Predictions for upcoming seasons are laid out each year in the pages of The Old Farmer’s Almanac — charting the sun, moon, tides and past weather records to forecast the year ahead. With that in mind, we’ve done some calculations of our own and gauged the temperature of discussions surrounding farm and food policy for the 2012 Farm Bill.
Should the stars align, here are our predictions for topics to anticipate during the farm bill reauthorization process this spring.
The national deficit continues to loom overhead and the debate over the 2012 Farm Bill will be dominated like few others this century by deficit pressure. Every section of the legislation will be affected, but by how much we do not know. However, we do know that the deal to increase the debt ceiling means the farm bill will be cut by about $15 to $16 billion as a result of automatic sequestration. These cuts will most likely be the starting point—and not the end point—for final numbers.
Safeguarding the Environment
For conservation, 2012 will be a year when climate and environmental issues establish new trends and challenges. Dramatic weather events in 2011 created highs and lows in American agriculture, and coming years will be no exception. The discussion will focus on how to make conservation programs more efficient while equipping farmers with conservation tools and programs to meet environmental challenges and regulatory burdens.
With conservation programs having already contributed more than $2 billion to the nation’s deficit reduction through appropriations cuts, we think the farm bill debate this spring should center on promoting conservation funding without the threat of additional cuts. Conservation programs are too valuable to lose now—and for our future.
The Future of Farm Support Programs
Caught up in the budget belt-tightening are proposals to alter farm support, or subsidy, programs. For the first time in two decades, it is likely that direct payments will be eliminated. What will replace them is unclear, but the debate is currently focused on the appropriate role of government in helping farmers address risk.
We believe that new safety net programs must protect farms from risks they can’t control, while also minimizing the programs’ influence on the economic and environmental behavior of farmers. The debate will be vigorous but we believe it will be critical to creating a farm support system that works effectively for both farmers and consumers.
Now more than any time since the end of World War II, it’s important for the nation to have a serious discussion about the generational and gender shifts happening in American agriculture.
According to the 2007 U.S. Census of Agriculture, there are more than five times as many farmers at age 65 and older as there are 35 and younger. As the overall farm population ages, the influence of female landowners is predicted to rise.— 70 percent of farmland is expected to change hands in the next 20 years, with women potentially ending up owning most of it. While we face the critical question of how land will be transitioned, at the same time we see the rise of young adults looking to start careers in agriculture but facing challenges securing land and succeeding in farming.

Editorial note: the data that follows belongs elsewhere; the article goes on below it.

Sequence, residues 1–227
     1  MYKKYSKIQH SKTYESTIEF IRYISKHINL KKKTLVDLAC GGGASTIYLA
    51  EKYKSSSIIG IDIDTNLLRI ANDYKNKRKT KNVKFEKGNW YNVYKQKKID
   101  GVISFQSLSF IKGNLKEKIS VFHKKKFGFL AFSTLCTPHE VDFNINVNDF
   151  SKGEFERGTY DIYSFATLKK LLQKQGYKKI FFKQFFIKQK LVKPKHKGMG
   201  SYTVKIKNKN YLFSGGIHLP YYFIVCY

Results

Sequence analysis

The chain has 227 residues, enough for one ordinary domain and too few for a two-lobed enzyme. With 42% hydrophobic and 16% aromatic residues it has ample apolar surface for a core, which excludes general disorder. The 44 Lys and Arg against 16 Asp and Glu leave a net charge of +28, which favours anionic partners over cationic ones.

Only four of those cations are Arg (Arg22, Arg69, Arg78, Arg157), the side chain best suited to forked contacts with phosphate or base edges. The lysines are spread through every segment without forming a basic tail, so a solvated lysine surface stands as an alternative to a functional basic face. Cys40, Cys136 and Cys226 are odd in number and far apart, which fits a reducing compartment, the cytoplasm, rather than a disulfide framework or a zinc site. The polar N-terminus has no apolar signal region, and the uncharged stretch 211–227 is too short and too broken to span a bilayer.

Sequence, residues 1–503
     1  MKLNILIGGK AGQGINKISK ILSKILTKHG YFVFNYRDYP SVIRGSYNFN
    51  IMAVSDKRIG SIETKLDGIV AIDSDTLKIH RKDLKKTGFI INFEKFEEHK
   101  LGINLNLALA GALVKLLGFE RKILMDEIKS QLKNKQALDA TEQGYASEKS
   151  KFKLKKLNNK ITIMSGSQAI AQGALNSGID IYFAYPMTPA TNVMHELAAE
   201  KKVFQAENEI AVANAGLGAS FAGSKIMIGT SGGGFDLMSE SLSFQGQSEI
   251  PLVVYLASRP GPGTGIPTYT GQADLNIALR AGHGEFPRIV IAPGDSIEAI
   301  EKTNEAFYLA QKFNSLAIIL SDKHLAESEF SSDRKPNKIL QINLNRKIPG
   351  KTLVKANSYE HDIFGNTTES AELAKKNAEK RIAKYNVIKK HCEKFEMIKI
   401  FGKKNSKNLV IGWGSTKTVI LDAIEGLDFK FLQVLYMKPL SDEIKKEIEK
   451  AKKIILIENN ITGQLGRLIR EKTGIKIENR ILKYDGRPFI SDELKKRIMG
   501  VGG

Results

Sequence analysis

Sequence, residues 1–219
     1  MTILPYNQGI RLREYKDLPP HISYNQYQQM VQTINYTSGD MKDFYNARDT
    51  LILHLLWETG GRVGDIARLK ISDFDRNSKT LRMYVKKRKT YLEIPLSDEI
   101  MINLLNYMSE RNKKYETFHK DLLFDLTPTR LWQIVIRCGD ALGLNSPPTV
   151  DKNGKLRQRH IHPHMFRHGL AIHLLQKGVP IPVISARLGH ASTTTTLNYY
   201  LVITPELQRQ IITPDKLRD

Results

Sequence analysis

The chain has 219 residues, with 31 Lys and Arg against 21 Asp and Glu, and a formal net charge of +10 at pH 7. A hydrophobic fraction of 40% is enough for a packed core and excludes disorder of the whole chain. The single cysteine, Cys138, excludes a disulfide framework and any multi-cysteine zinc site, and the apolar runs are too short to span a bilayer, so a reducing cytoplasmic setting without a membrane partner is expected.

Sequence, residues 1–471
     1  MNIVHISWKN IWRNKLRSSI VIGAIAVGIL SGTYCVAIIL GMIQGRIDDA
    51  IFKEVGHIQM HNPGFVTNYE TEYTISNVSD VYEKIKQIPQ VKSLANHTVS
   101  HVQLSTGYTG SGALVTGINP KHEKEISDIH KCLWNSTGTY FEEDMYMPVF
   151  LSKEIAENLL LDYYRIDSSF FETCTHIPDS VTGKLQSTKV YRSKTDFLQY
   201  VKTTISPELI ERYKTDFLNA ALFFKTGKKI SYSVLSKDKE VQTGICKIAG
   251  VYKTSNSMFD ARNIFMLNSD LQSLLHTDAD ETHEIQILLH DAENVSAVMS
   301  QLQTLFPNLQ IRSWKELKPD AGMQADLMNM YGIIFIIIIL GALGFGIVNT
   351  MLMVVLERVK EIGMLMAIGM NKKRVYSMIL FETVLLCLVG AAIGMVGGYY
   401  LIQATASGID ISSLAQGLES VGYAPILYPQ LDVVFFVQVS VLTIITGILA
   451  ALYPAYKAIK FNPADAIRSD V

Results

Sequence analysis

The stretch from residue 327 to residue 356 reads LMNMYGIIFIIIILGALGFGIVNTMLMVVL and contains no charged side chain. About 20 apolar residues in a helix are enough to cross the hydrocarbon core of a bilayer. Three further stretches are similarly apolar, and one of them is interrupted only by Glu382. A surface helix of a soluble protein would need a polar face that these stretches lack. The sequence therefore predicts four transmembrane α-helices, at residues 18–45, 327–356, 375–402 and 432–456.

It will be difficult for farm policy leaders to ignore the changing demographics in agriculture. We think changes in land ownership, land stewardship and the engagement of young and beginning farmers in agriculture should be part of the discussion as Congress addresses programs for farmland protection, farm viability, and conservation.
Strengthening America’s Farm and Food System
Lawmakers will need to look systematically at what rural development policy is supposed to do to help today’s rural America.
The 2012 Farm Bill can be a catalyst to help rural America by finding ways to stimulate new market opportunities for agriculture and further support for local and regional food systems. Consumer demand for local food continues to rise, and farm policy can play a critical role in helping farmers provide it.
A Healthier Nation
Public health and nutrition, and the intersection with agriculture, is currently at the forefront of national interest. Amid on-going conversations about public health and chronic diseases is a focus on the availability of fresh, healthy food.
The connection between healthier diets and agricultural production is very real and easy to see. The demand for healthy food opens markets for agricultural products and potentially helps keep farmers farming. Less clear, but no less important, is the role that public health demands may play in local and regional food systems. The next farm bill presents the opportunity to explore public health while also creating market opportunities for farmers. We think 2012 will be the beginning of a long term trend of a new public health constituent group in the farm bill.
The forecast for the 2012 Farm Bill will take the direction of real forces shaping farm and food policy. As discussions around the 2012 Farm Bill get underway in Washington, we’ll be asking supporters of America’s farms and food to learn more, speak up and be heard.